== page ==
Can I show you one of my favorite things to make on the weekend???
Flatbread. It's from a fantastic book called Good to the Grain by Kim Boyce and words cannot describe how good it is. You'll simply have to try it yourself.
After all the whole rising process is complete and out of the way, this is what you start with. Roll it out to about 1/4".
Then I drizzle some olive oil over it and use a brush to cover the whole circle. Then season with salt and pepper and whatever other spices you'd like. I like oregano. Then, into the pan it goes...
After a couple minutes in the pan, the top side will start to bubble up. That's your sign to flip it.
Beautiful golden brown....
Is that perfection or what?
I couldn't help myself....it was calling me.
You need to make this. Really. It may look difficult, but don't be intimidated. It's simple. I actually find the final act fun. The dough is easy to work with and I love to watch it bubble up. And it's absolutely delicious. More than delicious. Eat it with tzatziki, hummus, Giada's mascarpone chive dip, baba ganoush, parmesan and mozzarella, pesto and sun-dried tomatoes, with a salad on the side, or just straight up right out of the pan...the possibilities are endless.
adapted from Good to the Grain by Kim Boyce
for the dough:
olive oil (for the bowl)
1 package active dry yeast
1 tablespoon honey
1/2 cup spelt flour
(I found spelt flour in the organic section at my grocery store, although some stores have specialty flours these days. I think you could probably sub whole wheat flour, but I haven't tried that yet)
3 cups all purpose flour
1 tablespoon kosher salt
for the big finish:
cornmeal or flour for dusting and rolling out
fresh ground black pepper
(or any other herb or seasoning you desire)
Lightly oil a large bowl with olive oil.
In a separate bowl add 1 packet of yeast to 1 1/2 cups of warm water. Add tablespoon of honey, and wait about 10 or 15 minutes for yeast to bubble up. ( I usually manage to screw this up somehow or another and always end up doing it twice. If there isn't any action from the yeast after about 10 minutes, just throw it all out and try again. My problem is usually that the water is too hot.)
Gently mix the 2 flours and salt together in a bowl. Mix thoroughly. Once yeast has bloomed, add it to the flour mixture and gently stir with a wooden spoon until the dough holds together. At this point, I knead it gently for about 5 minutes in the same bowl (to keep the mess down) until the dough is together and soft. It will be slightly sticky and more so the more you knead it. Add a little flour if necessary to ease the kneading.
Once dough is kneaded, I gently shape it into a small ball and set it into the bowl that was oiled earlier. Run a dishcloth under the faucet for a minute, wring it out really well, and place it over the bowl, so top of the bowl is completely covered. Then set the bowl somewhere warm and let dough rise for around 2 hours. It should double in size. (I normally turn my oven up to 350 degrees and set the bowl on the stovetop so it will be warm enough.)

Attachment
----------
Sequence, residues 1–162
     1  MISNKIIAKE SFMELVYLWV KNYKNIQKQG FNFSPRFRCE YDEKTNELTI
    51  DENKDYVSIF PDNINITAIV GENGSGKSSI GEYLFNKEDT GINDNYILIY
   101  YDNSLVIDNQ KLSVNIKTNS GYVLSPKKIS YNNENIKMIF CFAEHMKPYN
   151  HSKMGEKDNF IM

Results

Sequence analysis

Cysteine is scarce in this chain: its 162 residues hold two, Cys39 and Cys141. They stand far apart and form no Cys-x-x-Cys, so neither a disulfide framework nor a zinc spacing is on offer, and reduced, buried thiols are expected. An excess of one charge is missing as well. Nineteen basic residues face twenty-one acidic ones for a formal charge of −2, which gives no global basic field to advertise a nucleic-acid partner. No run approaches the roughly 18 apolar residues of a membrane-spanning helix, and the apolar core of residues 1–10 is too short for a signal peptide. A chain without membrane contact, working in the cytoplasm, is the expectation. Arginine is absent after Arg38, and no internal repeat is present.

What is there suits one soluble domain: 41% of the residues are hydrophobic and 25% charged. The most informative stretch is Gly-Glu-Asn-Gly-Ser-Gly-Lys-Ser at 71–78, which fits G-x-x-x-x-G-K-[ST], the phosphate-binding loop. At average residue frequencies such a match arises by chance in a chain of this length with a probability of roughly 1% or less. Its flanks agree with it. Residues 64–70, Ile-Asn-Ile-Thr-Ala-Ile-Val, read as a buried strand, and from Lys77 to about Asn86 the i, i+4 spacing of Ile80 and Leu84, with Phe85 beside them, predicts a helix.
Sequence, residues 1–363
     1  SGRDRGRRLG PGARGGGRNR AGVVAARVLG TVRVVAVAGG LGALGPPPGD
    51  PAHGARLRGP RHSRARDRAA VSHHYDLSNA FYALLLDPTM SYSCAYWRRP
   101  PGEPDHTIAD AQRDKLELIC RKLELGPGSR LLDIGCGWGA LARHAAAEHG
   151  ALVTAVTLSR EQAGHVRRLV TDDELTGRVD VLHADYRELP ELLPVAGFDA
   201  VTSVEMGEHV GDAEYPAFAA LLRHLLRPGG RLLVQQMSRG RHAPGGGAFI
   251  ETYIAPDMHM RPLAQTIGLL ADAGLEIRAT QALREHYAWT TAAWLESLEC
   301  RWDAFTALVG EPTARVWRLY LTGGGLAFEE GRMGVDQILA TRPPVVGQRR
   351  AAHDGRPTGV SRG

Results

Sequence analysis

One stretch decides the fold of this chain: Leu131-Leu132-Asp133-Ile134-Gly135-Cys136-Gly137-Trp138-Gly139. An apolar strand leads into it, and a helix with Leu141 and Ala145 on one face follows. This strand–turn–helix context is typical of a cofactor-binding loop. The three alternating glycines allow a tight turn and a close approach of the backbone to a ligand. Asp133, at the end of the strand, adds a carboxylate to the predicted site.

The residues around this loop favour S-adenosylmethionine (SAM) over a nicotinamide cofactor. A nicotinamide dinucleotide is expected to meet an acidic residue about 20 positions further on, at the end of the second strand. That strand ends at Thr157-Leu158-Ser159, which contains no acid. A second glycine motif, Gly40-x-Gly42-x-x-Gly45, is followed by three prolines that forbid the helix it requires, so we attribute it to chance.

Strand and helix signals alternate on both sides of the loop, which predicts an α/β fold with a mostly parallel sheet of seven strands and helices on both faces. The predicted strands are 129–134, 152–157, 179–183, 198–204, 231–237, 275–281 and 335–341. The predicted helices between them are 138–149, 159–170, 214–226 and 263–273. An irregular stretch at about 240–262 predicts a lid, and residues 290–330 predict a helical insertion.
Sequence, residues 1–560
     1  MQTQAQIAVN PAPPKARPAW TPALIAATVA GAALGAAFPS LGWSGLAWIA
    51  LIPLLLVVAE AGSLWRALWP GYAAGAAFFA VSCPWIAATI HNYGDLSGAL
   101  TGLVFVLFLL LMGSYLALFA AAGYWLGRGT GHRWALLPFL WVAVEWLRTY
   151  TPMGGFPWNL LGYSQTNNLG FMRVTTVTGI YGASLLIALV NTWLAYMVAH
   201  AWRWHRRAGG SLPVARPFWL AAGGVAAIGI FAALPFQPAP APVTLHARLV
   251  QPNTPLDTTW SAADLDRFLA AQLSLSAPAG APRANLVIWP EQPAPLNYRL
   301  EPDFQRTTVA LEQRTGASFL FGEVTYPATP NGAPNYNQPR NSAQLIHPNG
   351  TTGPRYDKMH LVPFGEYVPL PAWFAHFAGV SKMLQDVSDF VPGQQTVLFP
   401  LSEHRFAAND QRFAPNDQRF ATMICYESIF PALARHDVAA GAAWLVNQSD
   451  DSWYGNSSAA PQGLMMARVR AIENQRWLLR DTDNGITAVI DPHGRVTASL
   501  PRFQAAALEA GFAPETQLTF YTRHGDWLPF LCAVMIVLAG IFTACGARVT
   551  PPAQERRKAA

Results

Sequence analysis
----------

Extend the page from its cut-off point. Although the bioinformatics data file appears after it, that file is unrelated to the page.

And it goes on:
After 2 hours has passed, gently fold the dough over, deflating it and reshaping it back into a ball. Arrange, so that the smooth side is facing up, recover, and let sit again for another 1 1/2 hours.
The rising process takes a long time. If you are not able to make the flatbread when the second rise is completed, just put a lid on the bowl and stick it in the refrigerator to cook up the next day.
When ready, Heat up a 10 inch pan over medium heat. I drizzle the pan with olive oil initially, but only before the first flatbread. Divide dough into 8 equal pieces (roughly the size of a large lemon). On a generously corn-mealed or floured surface, roll the dough out into an irregular circle about 1/8 to 1/4 inch thick.
Drizzle circle of dough with olive oil and using a brush, gently brush olive oil to cover dough. Then sprinkle salt, pepper and seasoning of your choice onto dough. When seasoning is done, place the dough disc in the pan oil side down. This is when I season the other side of the disc. After a couple minutes the dough will start to bubble up on top. That's your cue that it's about ready to flip. The bottom side should be a light golden brown. Flip that bad boy over and cook the other side for about 2 to 3 minutes more.
I put mine on a plate covered with parchment paper until the entire batch has been finished. When the entire batch is done, I space out all of the flatbreads in as close to a single layer as possible on a cookie cooling rack to cool. This should ensure that the flatbread doesn't get soggy if you aren't going to eat it all the same day.
It will store in a gallon sized ziploc bag or a tightly sealed container with a piece of parchment paper between flatbreads for 2 to 3 days. When you want one, fire up the broiler and warm it up for a couple minutes on each side.